founded and guided by reason. But, as the best plan of living, so as to
assure to the utmost self-preservation, is that which is framed
according to the dictate of reason, therefore it follows, that that in
every kind is best done, which a man or commonwealth does, so far as he
or it is in the highest degree independent. For it is one thing to till
a field by right, and another to till it in the best way. One thing, I
say, to defend or preserve one's self, and to pass judgment by right,
and another to defend or preserve one's self in the best way, and to
pass the best judgment; and, consequently, it is one thing to have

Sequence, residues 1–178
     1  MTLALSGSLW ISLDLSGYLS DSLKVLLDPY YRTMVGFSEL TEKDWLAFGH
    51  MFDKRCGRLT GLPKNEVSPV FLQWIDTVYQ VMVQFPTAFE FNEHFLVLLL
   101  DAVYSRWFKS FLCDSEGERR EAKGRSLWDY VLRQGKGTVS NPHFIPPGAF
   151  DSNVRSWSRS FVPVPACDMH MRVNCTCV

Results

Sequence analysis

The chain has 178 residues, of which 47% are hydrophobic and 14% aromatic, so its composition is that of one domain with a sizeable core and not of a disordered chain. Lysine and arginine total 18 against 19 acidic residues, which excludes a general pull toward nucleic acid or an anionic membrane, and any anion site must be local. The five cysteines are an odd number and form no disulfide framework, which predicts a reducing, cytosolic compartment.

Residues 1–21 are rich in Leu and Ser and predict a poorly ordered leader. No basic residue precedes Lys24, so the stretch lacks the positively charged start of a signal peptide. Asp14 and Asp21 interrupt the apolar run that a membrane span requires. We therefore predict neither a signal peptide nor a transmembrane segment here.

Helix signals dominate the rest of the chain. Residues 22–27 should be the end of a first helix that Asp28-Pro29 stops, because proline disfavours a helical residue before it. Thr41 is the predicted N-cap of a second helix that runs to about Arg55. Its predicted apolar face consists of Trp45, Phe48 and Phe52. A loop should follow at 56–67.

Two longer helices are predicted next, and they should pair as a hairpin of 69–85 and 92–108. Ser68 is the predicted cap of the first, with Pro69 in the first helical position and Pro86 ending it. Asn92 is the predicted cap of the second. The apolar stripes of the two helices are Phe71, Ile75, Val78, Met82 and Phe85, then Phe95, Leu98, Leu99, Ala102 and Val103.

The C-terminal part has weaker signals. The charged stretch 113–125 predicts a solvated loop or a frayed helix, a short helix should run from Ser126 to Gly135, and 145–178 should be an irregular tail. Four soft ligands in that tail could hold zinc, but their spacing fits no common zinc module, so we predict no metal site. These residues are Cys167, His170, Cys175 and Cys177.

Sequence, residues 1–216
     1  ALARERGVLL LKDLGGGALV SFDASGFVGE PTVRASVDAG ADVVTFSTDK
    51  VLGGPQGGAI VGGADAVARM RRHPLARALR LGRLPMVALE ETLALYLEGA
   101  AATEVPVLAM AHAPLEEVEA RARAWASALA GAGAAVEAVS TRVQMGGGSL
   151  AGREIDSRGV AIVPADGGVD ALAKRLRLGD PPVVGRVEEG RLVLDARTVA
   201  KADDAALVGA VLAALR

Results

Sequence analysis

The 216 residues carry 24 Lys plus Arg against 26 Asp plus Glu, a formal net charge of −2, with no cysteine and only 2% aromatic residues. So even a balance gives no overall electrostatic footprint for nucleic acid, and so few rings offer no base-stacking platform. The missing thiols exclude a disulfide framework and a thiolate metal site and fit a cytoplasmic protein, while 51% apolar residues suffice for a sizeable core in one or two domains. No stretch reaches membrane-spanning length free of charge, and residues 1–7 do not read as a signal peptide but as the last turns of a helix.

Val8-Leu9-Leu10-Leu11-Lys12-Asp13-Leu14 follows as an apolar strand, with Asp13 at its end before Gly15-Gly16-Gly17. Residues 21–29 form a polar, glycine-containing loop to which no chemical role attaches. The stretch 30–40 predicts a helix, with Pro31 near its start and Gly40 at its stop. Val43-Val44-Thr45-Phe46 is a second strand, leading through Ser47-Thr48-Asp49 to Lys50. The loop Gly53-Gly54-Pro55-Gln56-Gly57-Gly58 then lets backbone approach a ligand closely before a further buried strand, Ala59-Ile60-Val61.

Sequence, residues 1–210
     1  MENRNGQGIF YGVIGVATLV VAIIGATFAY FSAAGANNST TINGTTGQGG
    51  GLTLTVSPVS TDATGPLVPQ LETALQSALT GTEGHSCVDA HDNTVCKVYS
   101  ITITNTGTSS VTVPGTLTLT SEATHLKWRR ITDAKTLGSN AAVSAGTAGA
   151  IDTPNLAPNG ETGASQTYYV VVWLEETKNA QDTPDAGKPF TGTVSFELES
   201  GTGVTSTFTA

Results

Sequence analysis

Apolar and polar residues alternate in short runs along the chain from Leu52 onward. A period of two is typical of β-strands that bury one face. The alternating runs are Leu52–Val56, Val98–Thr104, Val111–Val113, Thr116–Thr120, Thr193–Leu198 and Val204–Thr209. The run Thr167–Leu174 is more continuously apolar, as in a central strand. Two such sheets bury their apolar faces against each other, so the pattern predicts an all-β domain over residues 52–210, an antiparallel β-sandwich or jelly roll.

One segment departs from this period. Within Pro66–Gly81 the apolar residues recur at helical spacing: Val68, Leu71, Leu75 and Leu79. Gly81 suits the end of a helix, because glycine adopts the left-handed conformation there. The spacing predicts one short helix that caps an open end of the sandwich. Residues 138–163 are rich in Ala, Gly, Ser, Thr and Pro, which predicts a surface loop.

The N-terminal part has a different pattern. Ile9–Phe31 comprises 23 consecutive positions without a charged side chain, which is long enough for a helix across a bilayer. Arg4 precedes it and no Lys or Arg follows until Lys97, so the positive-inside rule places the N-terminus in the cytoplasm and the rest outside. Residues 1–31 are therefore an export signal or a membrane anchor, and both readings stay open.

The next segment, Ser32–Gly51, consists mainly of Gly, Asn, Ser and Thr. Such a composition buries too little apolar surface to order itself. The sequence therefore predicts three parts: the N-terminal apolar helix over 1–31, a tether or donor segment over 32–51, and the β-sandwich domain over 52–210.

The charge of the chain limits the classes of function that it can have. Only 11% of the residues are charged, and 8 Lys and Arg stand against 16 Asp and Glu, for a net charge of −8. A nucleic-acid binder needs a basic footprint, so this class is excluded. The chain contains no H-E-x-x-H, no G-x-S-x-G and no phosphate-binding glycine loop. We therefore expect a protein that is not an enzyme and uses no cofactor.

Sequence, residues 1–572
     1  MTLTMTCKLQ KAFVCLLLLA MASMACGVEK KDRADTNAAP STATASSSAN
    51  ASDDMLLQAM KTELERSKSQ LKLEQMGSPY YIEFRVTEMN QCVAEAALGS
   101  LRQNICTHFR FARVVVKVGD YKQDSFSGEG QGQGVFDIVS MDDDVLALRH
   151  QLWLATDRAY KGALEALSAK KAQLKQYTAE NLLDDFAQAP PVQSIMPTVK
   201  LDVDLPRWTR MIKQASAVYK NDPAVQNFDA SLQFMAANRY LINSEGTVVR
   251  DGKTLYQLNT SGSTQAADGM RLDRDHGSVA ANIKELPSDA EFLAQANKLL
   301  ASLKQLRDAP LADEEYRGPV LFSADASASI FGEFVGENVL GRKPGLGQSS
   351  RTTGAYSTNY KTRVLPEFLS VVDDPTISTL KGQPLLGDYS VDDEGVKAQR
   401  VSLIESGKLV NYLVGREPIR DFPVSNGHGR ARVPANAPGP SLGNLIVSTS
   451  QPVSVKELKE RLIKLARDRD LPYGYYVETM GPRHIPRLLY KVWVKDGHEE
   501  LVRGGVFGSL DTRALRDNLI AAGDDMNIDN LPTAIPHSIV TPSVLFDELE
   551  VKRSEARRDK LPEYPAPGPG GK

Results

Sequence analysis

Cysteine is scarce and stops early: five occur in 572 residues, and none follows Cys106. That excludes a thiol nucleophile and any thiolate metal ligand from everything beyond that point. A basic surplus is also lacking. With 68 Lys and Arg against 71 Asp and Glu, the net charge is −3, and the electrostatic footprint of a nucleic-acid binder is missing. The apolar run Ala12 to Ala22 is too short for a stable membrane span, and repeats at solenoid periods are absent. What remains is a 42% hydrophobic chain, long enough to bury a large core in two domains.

dominion and care of affairs of state by right, and another to exercise
dominion and direct affairs of state in the best way. And so, as we have
treated of the right of every commonwealth in general, it is time to
treat of the best state of every dominion.

2. Now the quality of the state of any dominion is easily perceived from
the end of the civil state, which end is nothing else but peace and
security of life. And therefore that dominion is the best, where men
pass their lives in unity, and the laws are kept unbroken. For it is
certain, that seditions, wars, and contempt or breach of the laws are
not so much to be imputed to the wickedness of the subjects, as to the
bad state of a dominion. For men are not born fit for citizenship, but
must be made so. Besides, men's natural passions are everywhere the
same; and if wickedness more prevails, and more offences are committed
in one commonwealth than in another, it is certain that the former has
not enough pursued the end of unity, nor framed its laws with sufficient
forethought; and that, therefore, it has failed in making quite good its